Empowered by Powerlessness


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When Namma Bengaluru decided to keep its temperatures soaring, little did it know that it was uniting the denizens of the city in some way. It had all of us whining endlessly besides prompting us to collectively pray for the rains. The pleased heavens opened up with a hail storm one evening.
Once the initial rejoicing set in, kaput went the transformer. The area was shrouded in the dim fading light of dusk.

Alternative power solutions lit up the homes, offices and shops within seconds. The skies cleared up for the night. Several hours passed. There was no sign of electricity. Complaints were lodged more frantically when the batteries running the show began exhausting. The sporadic showers had escalated the heat indoors. Premises that opened doors even for a moment were invaded by motley insects which decided to plague our homes post rains.

The horribly hot night passed without electricity. The next morning dawned ushering in new problems. We did not have access to water as motor pumps were lying dead without power. Communication was cut off since most cell phones could not be charged. Making breakfast seemed a nightmare to people who heavily depended on toasters, microwaves and juicers.

As daylight enveloped the layout, people who had barely acknowledged one another started speaking in one voice. The limited resources were put to best use. Water, food and cell phones were used judiciously on the basis of priority. A team of people went to the local power station to learn about the actual cause of delay. They found out that the electricians were not lazing around, but had been working on various poles overnight. It was just that the ratio of men was hopelessly low to the number of repairs that they had to make.

A few more powerless (pun intended) hours lapsed. The refrigerators were raided and salvaged food was put to good use. Water tankers were hired to supply water. The children were rallied around and sent off to a movie to keep them cool, well-fed and out of the way. Finally, power was restored late afternoon.

The 20 hours of power cut, which seemed to be a nightmare to live through, was actually an eye opener of sorts. For starters, it revealed how helpless we were without electricity. But more importantly, it helped us renew ties with our neighbourhood on common grounds and appreciate the value of men whose expertise we think is available to us at our beck and call. The power cut which we thought had made us powerless had actually empowered us.

Brace Yourself For The Post Party Syndrome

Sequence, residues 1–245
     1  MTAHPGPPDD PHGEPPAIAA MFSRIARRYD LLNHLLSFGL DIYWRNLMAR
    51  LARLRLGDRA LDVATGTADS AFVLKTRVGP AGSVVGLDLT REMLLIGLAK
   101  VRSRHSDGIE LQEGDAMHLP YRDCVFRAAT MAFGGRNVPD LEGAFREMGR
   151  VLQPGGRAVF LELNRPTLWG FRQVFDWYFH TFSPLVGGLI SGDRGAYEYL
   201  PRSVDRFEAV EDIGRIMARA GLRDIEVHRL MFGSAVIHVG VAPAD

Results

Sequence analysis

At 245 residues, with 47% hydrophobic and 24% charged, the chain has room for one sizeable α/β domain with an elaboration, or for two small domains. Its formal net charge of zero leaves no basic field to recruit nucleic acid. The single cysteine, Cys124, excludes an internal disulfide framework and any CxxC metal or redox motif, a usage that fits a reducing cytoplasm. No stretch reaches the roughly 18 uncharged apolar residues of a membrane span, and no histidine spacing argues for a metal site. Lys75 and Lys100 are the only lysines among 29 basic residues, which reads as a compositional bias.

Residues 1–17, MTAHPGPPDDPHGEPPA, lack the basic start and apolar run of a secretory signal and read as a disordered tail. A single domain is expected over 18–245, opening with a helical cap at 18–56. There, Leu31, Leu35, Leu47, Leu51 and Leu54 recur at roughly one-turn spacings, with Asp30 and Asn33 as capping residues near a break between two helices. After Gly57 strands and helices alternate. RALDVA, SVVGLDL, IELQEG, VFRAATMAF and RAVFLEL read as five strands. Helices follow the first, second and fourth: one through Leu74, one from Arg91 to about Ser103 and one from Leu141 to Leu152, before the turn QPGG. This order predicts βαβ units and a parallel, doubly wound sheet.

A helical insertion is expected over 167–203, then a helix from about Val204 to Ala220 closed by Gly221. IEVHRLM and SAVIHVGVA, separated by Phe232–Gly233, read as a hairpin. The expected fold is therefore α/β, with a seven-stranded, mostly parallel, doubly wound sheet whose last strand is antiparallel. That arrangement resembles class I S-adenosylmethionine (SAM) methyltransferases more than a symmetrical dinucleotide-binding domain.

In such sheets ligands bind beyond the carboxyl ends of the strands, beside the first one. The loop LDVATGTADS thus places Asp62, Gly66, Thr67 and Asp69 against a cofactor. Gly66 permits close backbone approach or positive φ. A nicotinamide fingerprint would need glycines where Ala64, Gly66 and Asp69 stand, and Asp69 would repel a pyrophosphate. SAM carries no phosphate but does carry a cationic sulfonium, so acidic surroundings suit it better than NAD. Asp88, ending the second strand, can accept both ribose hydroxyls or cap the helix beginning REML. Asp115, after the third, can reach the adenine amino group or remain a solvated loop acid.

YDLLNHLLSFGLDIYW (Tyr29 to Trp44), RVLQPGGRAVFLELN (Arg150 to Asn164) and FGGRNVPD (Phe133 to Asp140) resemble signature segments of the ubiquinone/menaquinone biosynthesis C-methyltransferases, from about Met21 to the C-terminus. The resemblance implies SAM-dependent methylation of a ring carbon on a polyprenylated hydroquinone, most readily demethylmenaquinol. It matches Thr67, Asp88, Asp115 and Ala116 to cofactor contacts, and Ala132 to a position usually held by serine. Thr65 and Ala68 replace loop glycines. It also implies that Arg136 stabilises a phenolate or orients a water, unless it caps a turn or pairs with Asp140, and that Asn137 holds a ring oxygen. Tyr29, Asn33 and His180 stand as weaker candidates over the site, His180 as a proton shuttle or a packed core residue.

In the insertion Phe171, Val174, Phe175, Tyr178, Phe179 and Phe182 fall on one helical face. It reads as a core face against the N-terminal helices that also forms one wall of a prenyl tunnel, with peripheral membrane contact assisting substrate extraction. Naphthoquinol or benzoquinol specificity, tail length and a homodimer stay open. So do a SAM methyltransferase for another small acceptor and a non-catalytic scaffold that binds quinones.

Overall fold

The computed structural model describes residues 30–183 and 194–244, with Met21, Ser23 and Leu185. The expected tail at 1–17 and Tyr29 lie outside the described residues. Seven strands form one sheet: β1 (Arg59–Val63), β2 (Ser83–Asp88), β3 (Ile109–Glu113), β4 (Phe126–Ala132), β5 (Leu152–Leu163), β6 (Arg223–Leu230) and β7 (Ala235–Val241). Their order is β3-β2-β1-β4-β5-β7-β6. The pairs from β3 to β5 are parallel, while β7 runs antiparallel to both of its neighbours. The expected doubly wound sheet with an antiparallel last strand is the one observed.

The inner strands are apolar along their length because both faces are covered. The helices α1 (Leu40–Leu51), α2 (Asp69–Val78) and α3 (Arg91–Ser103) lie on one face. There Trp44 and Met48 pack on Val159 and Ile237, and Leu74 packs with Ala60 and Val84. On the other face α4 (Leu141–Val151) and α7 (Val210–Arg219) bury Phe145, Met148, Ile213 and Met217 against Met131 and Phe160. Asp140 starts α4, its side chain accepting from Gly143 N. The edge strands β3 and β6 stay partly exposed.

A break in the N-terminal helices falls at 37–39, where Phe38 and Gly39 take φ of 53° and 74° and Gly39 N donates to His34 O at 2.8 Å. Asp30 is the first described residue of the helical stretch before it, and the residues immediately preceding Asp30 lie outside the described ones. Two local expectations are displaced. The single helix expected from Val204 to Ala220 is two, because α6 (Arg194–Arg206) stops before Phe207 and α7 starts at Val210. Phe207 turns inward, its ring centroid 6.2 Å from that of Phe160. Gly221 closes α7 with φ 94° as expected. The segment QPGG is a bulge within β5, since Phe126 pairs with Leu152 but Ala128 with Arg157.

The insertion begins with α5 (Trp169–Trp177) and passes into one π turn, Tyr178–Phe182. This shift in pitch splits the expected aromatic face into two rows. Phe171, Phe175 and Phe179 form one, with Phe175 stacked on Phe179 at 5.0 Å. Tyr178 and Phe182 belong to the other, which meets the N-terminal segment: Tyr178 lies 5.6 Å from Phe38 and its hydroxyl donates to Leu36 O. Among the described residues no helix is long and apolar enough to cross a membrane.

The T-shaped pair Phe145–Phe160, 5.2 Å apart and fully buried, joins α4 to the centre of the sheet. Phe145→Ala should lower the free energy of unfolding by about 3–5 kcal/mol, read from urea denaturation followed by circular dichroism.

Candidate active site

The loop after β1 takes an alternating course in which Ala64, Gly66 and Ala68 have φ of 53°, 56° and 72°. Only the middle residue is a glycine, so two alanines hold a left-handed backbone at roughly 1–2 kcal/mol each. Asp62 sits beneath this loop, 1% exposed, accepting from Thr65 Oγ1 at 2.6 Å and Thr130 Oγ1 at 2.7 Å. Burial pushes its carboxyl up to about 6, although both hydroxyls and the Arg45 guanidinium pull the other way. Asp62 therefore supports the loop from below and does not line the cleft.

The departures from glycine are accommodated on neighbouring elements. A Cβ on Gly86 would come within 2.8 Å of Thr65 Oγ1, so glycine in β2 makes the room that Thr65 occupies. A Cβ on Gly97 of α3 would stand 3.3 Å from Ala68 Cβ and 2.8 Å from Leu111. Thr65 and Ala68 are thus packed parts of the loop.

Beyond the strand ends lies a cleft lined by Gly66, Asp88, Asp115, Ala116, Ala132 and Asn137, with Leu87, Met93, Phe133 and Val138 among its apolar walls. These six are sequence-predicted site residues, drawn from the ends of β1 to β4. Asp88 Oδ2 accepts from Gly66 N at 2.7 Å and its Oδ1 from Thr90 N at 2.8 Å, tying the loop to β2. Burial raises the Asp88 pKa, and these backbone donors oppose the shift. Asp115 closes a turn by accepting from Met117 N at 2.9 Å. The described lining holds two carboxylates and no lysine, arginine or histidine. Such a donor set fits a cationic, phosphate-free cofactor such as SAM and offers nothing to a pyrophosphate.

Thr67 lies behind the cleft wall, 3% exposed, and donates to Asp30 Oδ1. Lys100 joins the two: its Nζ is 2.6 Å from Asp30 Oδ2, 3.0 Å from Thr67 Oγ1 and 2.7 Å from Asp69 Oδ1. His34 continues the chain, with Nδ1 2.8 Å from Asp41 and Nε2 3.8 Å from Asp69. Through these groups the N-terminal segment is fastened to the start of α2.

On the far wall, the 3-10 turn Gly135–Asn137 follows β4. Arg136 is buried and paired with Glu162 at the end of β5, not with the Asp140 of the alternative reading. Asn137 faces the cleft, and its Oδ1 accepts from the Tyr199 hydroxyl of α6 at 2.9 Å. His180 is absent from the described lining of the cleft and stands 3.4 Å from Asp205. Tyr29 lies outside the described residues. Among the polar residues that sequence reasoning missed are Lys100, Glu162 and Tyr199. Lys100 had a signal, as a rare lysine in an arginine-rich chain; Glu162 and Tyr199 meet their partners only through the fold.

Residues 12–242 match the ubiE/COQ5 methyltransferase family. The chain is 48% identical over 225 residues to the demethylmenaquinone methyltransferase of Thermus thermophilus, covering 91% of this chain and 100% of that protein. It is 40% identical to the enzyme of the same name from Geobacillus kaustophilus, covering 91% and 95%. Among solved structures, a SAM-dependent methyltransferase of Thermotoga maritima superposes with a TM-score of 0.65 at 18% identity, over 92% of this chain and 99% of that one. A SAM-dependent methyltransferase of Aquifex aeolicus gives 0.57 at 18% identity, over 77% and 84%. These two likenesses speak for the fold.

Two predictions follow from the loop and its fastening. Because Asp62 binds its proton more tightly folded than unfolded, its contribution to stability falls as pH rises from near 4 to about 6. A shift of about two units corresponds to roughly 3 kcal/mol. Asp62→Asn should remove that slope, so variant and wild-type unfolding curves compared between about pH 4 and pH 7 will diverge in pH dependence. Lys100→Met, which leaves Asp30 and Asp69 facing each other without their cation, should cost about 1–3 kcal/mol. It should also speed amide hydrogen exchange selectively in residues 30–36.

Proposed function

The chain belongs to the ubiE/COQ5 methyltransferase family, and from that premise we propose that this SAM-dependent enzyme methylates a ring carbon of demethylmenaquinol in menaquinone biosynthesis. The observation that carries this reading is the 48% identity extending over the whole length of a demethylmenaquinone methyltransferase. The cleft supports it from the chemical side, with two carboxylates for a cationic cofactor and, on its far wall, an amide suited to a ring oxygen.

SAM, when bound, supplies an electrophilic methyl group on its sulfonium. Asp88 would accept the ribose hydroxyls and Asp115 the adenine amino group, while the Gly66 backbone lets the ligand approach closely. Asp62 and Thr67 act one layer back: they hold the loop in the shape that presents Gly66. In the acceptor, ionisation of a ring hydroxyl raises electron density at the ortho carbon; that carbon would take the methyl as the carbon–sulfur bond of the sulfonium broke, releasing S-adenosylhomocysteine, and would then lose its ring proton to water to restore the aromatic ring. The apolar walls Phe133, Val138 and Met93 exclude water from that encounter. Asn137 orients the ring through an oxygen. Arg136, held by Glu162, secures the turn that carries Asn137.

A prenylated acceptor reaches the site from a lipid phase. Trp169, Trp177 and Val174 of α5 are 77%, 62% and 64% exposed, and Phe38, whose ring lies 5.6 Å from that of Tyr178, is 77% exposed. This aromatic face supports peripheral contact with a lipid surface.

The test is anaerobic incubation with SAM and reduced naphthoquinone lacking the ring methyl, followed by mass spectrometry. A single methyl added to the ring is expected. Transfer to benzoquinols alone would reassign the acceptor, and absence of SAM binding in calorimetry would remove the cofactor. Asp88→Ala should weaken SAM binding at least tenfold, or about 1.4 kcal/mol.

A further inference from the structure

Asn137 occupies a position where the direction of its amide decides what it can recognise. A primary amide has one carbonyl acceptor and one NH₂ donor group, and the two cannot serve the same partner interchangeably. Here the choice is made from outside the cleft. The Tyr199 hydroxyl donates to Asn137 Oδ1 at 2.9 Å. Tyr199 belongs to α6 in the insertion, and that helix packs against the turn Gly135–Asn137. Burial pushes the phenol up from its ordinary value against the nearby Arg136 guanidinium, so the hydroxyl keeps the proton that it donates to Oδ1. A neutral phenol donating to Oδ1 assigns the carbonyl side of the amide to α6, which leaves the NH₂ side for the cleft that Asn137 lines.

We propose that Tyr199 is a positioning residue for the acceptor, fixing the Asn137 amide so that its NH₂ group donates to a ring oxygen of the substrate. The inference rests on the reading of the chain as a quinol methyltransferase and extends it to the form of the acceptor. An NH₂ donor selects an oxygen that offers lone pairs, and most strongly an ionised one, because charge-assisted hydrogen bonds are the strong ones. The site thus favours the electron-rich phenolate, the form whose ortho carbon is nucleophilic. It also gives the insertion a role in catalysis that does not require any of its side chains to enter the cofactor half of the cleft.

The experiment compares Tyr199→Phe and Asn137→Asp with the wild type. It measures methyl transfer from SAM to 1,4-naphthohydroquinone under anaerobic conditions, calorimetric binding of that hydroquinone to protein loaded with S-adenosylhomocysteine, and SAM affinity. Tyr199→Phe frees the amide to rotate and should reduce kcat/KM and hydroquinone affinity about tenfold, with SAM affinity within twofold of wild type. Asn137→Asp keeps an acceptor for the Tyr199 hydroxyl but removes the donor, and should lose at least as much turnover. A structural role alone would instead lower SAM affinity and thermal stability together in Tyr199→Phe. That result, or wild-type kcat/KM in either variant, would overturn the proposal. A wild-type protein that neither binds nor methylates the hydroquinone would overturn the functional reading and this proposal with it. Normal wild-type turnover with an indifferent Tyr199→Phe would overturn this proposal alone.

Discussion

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Calm after the storm

The two-faced Roman god Janus is ready to usher in the new year, while earthlings are partying hard. What many of us do not know is that we are working ourselves into as state of frenzy in the name of unwinding. This is true of those who organise parties as well as those who attend them.

A lot of meticulous planning, precious time and hard-earned money is ploughed into these events by hoteliers and owners of restaurants, bars and pubs besides individuals. Painstakingly decorating the party space, arranging enough food and drinks to go around and organising entertainment programmes takes several months of hard work and networking. Needless to say, this puts a great strain on their nerves.

It’s easy to assume that the party hoppers are a jolly lot, but that is far from the truth. They, for their part, are stressed about what to wear, whose company to seek, how to fit in at the party and get home safely afterwards.

Back to the grind

While all the music, dancing and socialising is fun while it lasts, the morning after generally brings along a hangover or worse, depression and loneliness. The post-party syndrome can encapsulate a lot of issues. You might feel lazy, fatigued and reluctant to get on with your work and normal routine. The late nights, gorging on calorie-rich food and aerated or alcoholic drinks can take a toll on the intestines and the liver. The lack of sleep will affect your cognitive function.

While none of these are reasons to pass on the merriment, by taking a few smart measures, you can save yourself from the physical and emotional stress that is likely to bog you down.

Catch up on some sleep every now and then so that you’re not caught yawning in company during the party. Loss of sleep can be telling on the countenance and general health of the individual in the long run. You would do well to have plenty of salad, fruits and juices during the day to offset the heavy food that you might eat at night.

Following an exercise regime will help you burn off the calories you gained binge-eating and drinking over the past few weeks. It is wise to keep tab on the amount of liquor that you consume in order to avoid embarrassment, untoward incidents and accidents.